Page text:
Wednesday, November 27, 2019

A Captured Market

There is another controversy concerning phone calls other than Trump's one to Ukraine.

Prisons and jails throughout the US continue to charge exorbitant rates and fees for family members to speak with loved ones in prisons and jails.

The United States has a $1.2bn prison phone industry, an industry that prison reform advocates have been trying – and failing – to fix for years and that the Federal Communications Commission head, Mignon Clyburne, called “the greatest, most distressing, type of injustice I have ever seen in the communications sector”.

Two companies, Securus and GTL, control more than 70% of the market for prison calls. These companies have won contracts across the US by awarding kickbacks and commissions to jail and prison facilities, and boosted profits by adding consumer fees and including extra services into phone contracts.

New York City and San Francisco made phone calls from local jails free this year, the first major cities in the US to do so. Statewide bills to make phone calls in prisons and jails free have been proposed in Connecticut and Massachusetts.

But progress at the federal level to reduce prison phone call rates were rolled back under the Trump administration as the FCC commissioner, Ajit Pai, directed FCC lawyers to stop defending caps on call rates approved by the agency in 2015 under Obama from a legal challenge filed by the prison phone industry.
Wisconsin’s jails and prisons charge among some of the highest phone rates in the US. A national survey published in February 2019 by the Prison Policy Initiative found that, in 2018, the highest cost of a 15-minute in-state jail phone call in Wisconsin was $21.97 (£17.12), the third most expensive rate in the country. The average cost of an in-state jail 15-minute phone call in Wisconsin was $7.99 (£6.23), the sixth-highest in the US. These rates are often compounded with extra fees for family members to open and maintain accounts.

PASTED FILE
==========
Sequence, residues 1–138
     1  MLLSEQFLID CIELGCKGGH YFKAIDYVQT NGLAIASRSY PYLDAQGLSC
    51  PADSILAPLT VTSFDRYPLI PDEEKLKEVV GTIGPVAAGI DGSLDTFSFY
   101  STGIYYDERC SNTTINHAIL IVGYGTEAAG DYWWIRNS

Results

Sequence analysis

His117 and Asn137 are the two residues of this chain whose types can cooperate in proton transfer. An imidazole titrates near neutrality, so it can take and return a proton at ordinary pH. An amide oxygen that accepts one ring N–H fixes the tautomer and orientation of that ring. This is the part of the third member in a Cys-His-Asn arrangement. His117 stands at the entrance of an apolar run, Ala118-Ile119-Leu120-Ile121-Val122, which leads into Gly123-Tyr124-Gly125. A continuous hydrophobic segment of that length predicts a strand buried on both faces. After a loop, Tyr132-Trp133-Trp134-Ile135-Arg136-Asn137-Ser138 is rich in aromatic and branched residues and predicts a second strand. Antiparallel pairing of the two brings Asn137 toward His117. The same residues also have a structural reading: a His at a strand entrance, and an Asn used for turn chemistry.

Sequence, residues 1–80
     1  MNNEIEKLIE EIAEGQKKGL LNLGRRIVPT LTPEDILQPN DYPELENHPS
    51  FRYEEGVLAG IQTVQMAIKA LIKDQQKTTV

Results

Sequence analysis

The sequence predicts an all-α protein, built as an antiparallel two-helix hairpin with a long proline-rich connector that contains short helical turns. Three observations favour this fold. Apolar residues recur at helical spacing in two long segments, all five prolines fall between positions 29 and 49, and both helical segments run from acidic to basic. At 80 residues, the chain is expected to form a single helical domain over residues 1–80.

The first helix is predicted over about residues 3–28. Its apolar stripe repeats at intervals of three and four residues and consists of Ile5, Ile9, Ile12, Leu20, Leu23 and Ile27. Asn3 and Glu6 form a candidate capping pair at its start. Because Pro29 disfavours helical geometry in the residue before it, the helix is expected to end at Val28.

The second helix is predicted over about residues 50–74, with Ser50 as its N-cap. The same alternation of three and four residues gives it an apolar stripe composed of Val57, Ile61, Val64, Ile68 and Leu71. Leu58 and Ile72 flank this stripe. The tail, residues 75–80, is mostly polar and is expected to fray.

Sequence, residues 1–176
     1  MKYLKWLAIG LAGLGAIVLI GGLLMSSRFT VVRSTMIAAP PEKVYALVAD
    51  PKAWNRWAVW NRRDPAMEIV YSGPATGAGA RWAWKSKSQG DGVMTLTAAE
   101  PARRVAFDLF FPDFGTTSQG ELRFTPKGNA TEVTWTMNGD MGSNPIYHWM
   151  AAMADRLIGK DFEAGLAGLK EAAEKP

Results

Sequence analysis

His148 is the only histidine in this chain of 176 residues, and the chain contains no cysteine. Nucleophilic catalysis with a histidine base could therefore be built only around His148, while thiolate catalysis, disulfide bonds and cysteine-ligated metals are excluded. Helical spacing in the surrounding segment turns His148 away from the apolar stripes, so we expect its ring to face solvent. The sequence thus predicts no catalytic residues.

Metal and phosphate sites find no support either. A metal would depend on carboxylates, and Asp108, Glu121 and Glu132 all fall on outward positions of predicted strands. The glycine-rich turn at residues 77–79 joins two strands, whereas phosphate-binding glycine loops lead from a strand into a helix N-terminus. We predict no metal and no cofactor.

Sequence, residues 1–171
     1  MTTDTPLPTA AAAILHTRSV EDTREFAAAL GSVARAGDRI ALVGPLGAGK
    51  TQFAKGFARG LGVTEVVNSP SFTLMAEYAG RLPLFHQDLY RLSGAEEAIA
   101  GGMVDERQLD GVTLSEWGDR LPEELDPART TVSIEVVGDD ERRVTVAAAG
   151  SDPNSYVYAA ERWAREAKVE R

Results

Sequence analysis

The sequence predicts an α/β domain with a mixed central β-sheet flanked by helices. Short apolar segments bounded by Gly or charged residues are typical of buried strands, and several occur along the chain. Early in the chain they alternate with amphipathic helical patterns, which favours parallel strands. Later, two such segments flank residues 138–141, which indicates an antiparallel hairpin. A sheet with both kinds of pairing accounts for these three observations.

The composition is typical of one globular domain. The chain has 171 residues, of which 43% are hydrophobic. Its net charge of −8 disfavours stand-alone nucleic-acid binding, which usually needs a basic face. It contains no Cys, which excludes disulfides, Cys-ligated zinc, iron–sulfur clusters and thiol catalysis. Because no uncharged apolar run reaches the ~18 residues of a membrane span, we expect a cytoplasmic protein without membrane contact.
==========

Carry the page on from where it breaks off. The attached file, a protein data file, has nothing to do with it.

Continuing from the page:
“The burden placed on families is outrageous and cruel that folks are having to pay this amount of money to speak with their loved ones in order to maintain contact with their family,” said Sean Wilson, a statewide organizer with ACLU-Wisconsin who spent 17 years in Wisconsin’s prison system.
In Missouri, a 15-minute phone call from a jail can cost over $20, and these costs are part of difficult conditions reported at St Louis medium security institution, referred to as the Workhouse, that activists have been pushing to have closed down.

“If you’re already there because you’re poor and can’t afford bail, the odds of you having someone on the outside who can make the trip to the Workhouse to put money on your account and being able to constantly add money is not realistic,” said Inez Bordeaux, manager of community collaborations with ArchCity Defenders, a St Louis-based legal advocacy organization. “The situation people are in is being exploited. There are people profiting off the pain and trauma of poor, mostly black people in this city.”

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